Serial Images Demonstrating Proximal Extension of an Aortic Intramural Hematoma
A 73-year-old woman with history of hypertension presented to our institution with short-term onset of severe back pain. On physical examination, her pulse was 110 bpm and blood pressure was 134/77 mm Hg, equal in both arms. Examination of the heart revealed a 1/6 diastolic murmur heard at the base. ECG showed sinus tachycardia with no evidence of ischemia. A computed tomography scan was performed to rule out aortic dissection. A type B intramural hematoma (IMH) was found, originating just distal to the left subclavian artery and extending to the superior mesenteric artery (Figure 1A). Four hours after the computed tomography scan, the patient developed additional symptoms of chest and stomach pain. A transesophageal echocardiogram was done to rule out further extension. No evidence of involvement proximal to the descending aorta (Figure 1B) was seen. In addition, mild aortic regurgitation was noted. A cardiac surgeon was consulted, and the decision was made to treat the patient medically.
The patient was stable until the fourth hospital day, when she developed recurrent severe back pain and throat pain. Repeat computed tomography scans performed with and without contrast showed proximal extension of the IMH into the ascending aorta (Figure 2). The patient underwent emergent cardiac surgery. An intraoperative epicardial echocardiogram of the ascending aorta confirmed the proximal location of the IMH (Figure 3). On gross inspection, the ascending aorta had bluish discoloration consistent with a hematoma. The ascending aorta was resected (Figure 4) and replaced by an intervascular graft. The aortic valve was structurally intact and was therefore not replaced. After surgery, the patient did well and was discharged on the third postoperative day.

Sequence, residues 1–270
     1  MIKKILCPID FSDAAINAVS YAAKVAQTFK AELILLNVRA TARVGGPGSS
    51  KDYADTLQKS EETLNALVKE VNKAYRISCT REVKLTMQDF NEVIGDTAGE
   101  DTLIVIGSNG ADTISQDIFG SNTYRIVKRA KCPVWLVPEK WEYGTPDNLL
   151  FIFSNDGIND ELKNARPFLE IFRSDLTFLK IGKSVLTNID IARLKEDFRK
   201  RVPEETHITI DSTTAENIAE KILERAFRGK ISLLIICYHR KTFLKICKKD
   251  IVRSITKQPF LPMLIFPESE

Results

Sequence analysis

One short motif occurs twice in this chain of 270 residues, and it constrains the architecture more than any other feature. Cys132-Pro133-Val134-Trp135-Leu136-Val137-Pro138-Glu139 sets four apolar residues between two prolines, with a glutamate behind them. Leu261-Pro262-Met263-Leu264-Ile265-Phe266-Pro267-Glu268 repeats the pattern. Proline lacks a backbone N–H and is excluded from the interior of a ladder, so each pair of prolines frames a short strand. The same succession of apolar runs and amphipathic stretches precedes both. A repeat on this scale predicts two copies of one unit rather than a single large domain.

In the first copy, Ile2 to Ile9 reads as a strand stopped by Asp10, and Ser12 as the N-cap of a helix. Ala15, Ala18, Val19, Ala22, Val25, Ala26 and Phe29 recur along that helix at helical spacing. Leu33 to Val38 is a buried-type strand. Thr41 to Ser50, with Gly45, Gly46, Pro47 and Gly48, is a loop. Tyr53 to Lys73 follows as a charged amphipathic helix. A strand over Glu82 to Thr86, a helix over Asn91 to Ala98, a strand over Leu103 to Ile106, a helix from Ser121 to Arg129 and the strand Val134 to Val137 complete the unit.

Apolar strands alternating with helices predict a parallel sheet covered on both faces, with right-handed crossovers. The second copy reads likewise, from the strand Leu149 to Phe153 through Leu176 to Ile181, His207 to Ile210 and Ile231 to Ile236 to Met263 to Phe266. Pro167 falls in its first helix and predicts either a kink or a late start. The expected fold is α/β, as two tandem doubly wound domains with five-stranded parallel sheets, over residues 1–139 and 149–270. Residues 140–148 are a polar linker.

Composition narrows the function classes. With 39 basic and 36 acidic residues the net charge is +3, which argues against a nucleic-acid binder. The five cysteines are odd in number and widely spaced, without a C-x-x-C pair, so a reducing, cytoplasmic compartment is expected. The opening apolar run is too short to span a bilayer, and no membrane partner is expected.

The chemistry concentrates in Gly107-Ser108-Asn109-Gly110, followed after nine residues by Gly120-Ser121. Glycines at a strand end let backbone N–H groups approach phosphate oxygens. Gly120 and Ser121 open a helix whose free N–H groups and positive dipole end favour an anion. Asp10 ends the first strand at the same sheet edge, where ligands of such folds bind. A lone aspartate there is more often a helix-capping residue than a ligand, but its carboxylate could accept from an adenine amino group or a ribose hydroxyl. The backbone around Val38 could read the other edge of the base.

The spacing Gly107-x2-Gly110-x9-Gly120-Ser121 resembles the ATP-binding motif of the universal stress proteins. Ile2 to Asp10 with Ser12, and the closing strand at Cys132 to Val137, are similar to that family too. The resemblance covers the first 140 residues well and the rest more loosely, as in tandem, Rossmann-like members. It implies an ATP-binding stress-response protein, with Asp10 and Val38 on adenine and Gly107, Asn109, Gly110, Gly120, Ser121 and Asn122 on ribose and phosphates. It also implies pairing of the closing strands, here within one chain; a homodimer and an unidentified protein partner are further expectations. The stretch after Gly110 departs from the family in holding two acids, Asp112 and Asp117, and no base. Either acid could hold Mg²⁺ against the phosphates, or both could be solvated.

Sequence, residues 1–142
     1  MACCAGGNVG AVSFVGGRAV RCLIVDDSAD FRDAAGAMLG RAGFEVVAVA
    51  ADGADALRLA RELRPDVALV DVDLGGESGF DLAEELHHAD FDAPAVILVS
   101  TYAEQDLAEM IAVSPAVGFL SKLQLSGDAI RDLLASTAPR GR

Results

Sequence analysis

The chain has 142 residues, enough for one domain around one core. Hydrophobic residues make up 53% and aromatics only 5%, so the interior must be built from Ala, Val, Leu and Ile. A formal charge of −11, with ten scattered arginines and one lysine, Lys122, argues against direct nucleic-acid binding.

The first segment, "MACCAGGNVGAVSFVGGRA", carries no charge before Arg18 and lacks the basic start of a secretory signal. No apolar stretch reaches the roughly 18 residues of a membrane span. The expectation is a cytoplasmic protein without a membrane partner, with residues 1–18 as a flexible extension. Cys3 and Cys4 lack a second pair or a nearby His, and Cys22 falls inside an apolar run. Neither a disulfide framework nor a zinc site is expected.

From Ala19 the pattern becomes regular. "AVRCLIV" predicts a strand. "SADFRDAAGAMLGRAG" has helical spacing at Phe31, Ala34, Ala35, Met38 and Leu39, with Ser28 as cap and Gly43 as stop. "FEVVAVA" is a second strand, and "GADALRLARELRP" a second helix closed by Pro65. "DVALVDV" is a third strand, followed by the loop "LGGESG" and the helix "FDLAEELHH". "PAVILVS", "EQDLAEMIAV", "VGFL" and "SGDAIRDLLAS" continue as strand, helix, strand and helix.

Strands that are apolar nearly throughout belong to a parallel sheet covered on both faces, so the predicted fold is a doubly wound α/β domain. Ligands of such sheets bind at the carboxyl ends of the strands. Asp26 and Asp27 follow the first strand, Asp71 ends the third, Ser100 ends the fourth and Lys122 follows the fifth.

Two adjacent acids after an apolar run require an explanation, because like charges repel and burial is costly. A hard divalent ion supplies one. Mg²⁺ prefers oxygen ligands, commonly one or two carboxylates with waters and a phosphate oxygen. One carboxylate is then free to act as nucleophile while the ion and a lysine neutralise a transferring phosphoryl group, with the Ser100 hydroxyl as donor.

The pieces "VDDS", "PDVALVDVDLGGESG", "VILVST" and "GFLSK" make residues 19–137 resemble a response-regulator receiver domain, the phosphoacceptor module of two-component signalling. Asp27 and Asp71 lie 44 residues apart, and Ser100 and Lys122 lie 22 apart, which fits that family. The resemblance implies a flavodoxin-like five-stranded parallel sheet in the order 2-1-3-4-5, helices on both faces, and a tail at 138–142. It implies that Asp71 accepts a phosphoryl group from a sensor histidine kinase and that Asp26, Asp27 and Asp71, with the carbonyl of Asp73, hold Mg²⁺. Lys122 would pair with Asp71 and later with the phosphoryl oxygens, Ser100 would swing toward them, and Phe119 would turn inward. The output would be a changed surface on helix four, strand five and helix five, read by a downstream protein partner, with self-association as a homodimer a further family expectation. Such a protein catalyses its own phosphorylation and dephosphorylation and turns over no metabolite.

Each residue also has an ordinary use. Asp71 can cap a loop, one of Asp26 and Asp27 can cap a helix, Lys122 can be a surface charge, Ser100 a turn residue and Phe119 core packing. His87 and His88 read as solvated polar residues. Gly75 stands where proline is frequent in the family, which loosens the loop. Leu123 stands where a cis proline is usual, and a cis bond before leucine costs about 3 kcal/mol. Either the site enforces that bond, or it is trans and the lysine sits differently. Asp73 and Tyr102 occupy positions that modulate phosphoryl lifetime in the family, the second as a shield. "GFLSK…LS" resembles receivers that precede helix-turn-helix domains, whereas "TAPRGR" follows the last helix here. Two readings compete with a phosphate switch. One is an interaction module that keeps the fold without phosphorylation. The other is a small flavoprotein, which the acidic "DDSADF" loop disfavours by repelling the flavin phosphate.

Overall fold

IMH is a variant form of aortic dissection characterized by a rupture of the vasa vasorum. IMH accounts for 13% to 27% of all aortic dissections, but it differs from typical aortic dissection in that there is no intimal tear or communication between the hematoma and the aortic lumen. Presentation, management, and classification are similar to those of typical dissection. Although type B IMH is usually treated medically, it may occasionally progress to type A dissection and require surgical intervention, as was the case with this patient.